Workplace Accident Claims – Claiming for Friends and Family

We are regularly approached by individuals looking to instigate workplace accident claims on behalf of a friend or close family member. The following questions are often key in our discussions.

Can I make a claim on behalf of someone else who has been seriously injured in a workplace accident?

In law, a next friend is the individual who represents another person who is under a legal disability such as, for example, if they are unable to maintain a compensation claim on their own behalf because of mental incapacity.

So if a loved one has been left with a mental impairment arising out of a workplace injury to the extent that they are legally deemed not to be capable of looking after their own interests (which can often happen where there has been a head injury sustained in an occupational accident), a relative – usually their spouse, a parent or a child – will be authorised to bring the action on their behalf.

This next friend will have complete authority to run the proceedings on the injured worker’s behalf up until the point that a settlement has been reached at which point it must be put before a judge who must then be satisfied that the amount of the settlement represents adequate compensation for the injured person on whose behalf the claim is being brought.

A settlement will need to be ruled by a court regardless of whether or not the next friend’s legal advisors are recommending its acceptance, but of course the judge will be heavily influenced by whether or not the injured person’s legal team believes that the amount on offer represents proper compensation.

Workers who have been left mentally impaired by an accident also receive different treatment for taxation purposes. Normally under Irish tax law an amount received in compensation is not liable to income tax but any income which is derived from investing this compensation payment will be taxable.

However, a total exemption from income tax is available in the case of any personal injuries compensation payment and all income arising from the investment of that payment provided that the person receiving the compensation is, as a result of the injury, permanently and totally incapacitated from looking after themselves and they have no other source of income.

If someone is fatally injured in a workplace accident does the family have any right to be compensated?

If a loved one has been fatally injured at work and the death can be shown to be as a result of the negligence or breach of statutory duty of the employer, the dependants of the deceased worker are entitled to bring a claim for compensation arising out of the wrongful death.

The statutory definition of who is a “dependent” includes a spouse, parent, grandparent, stepparent, child, grandchild, stepchild, brother, sister, half-brother, half-sister, or someone who was cohabiting with the deceased person for more than three years at the time of death.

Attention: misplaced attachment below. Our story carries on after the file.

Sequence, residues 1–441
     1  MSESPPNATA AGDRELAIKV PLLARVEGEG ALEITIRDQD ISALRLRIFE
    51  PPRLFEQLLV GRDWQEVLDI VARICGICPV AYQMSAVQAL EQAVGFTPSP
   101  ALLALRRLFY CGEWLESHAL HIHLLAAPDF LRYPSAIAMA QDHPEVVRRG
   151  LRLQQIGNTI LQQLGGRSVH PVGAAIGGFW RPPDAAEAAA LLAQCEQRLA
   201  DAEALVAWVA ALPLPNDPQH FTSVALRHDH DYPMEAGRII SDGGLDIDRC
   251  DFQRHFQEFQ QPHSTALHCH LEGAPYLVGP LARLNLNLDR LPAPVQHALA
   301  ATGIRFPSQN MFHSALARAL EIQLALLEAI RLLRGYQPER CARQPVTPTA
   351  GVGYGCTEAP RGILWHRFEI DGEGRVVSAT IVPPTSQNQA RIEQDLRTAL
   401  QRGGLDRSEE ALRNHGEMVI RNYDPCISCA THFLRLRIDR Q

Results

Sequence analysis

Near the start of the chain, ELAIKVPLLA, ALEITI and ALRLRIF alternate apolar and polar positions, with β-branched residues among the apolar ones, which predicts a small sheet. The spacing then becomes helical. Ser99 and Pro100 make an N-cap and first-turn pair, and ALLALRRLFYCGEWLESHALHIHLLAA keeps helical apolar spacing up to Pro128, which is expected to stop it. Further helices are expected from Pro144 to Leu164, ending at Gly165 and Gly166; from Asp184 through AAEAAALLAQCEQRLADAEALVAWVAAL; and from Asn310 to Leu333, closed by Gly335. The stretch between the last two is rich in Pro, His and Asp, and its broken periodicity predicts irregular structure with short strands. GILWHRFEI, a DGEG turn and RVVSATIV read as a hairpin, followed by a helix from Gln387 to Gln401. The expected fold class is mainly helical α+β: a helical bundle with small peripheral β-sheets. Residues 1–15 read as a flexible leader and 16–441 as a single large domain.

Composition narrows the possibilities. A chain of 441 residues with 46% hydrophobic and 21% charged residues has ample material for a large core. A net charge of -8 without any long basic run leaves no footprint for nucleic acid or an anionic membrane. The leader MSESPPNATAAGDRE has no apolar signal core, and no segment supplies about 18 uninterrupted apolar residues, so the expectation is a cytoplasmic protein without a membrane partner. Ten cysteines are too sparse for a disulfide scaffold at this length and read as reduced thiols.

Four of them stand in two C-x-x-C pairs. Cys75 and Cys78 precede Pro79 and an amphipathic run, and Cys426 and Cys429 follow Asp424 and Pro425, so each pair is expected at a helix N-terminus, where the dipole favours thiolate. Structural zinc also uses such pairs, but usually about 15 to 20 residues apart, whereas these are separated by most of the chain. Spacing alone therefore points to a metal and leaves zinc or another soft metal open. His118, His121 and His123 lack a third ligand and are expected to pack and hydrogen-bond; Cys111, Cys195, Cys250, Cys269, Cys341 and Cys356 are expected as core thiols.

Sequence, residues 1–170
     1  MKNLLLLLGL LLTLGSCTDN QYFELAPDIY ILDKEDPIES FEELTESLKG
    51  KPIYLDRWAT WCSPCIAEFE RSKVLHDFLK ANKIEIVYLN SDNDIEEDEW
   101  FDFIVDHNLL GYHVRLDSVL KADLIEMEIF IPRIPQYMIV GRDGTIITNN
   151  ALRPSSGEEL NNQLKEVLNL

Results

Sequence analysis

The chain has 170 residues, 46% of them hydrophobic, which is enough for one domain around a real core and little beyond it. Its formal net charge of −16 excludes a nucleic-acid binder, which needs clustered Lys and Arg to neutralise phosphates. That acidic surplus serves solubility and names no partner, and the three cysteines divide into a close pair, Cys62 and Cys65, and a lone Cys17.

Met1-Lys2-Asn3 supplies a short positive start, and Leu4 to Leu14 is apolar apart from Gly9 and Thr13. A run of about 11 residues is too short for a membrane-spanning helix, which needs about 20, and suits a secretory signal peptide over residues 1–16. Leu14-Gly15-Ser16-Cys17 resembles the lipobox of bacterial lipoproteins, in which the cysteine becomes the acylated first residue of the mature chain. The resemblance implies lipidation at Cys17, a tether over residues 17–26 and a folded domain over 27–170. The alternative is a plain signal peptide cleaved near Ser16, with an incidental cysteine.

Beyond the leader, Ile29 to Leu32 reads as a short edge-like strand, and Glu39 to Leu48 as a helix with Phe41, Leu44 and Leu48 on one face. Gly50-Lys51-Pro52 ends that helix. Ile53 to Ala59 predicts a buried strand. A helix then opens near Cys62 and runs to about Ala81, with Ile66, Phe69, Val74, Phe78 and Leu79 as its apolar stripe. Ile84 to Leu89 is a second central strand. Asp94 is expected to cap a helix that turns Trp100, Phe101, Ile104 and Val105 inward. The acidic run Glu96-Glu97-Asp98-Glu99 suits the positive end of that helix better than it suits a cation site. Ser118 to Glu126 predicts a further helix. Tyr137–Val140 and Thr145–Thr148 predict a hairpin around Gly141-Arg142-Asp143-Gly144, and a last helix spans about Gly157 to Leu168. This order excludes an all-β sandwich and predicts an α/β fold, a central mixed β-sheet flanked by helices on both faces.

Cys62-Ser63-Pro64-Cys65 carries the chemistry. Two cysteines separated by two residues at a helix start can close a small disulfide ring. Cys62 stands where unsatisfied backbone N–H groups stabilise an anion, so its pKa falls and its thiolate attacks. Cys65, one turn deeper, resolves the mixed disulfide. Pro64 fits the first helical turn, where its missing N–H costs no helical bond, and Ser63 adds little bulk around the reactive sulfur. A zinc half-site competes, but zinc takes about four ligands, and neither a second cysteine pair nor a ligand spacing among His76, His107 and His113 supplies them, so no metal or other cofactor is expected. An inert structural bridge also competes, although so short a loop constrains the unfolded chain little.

While it will be seen from this definition that many people who are related to a deceased person might have a potential claim arising out of their wrongful death, only one claim may be brought for the benefit of all of them. In other words, a deceased worker’s spouse could not bring one action with a child then bringing another separate action – they would both have to state their claim in one set of proceedings. Therefore whoever brings an action for wrongful death must do so on behalf of all of the statutory dependants and the court will then decide on who gets what.

Generally speaking a wrongful death claim must be commenced within two years of the date of death.

Compensation in fatal injuries claims is broken down into three general categories as follows:

  • Mental distress. The maximum amount of damages that can be awarded to dependants of a deceased person in wrongful death cases is €35,000.
  • Expenses incurred as a result of the death such as the cost of burial, plane fares and accommodation costs for travel to and from the funeral by relatives living abroad, etc.
  • Loss of financial dependency. Anyone who was dependent on a deceased worker for their financial wellbeing (which is usually their husband or wife and any minor children) will be entitled to an amount in damages to be calculated by making the assumption that the deceased worker had continued to live and earn wages up to retirement age. This can often be a very complicated calculation which will require the input of specialist experts such as forensic accountants and actuaries.

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If you have any questions about injuries you or your friend or family member has endured in the work environment, our live chat operator is available to help you with any queries you may have at any time or, you can just give us a call on our nationwide Local number 1890 390 555 during office hours. Our workplace accident claims * solicitors are based at our offices in Dublin and Cork, however we assist people across the country from Limerick to Galway.

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*In contentious business, a solicitor may not calculate fees or other charges as a percentage or proportion of any award or settlement.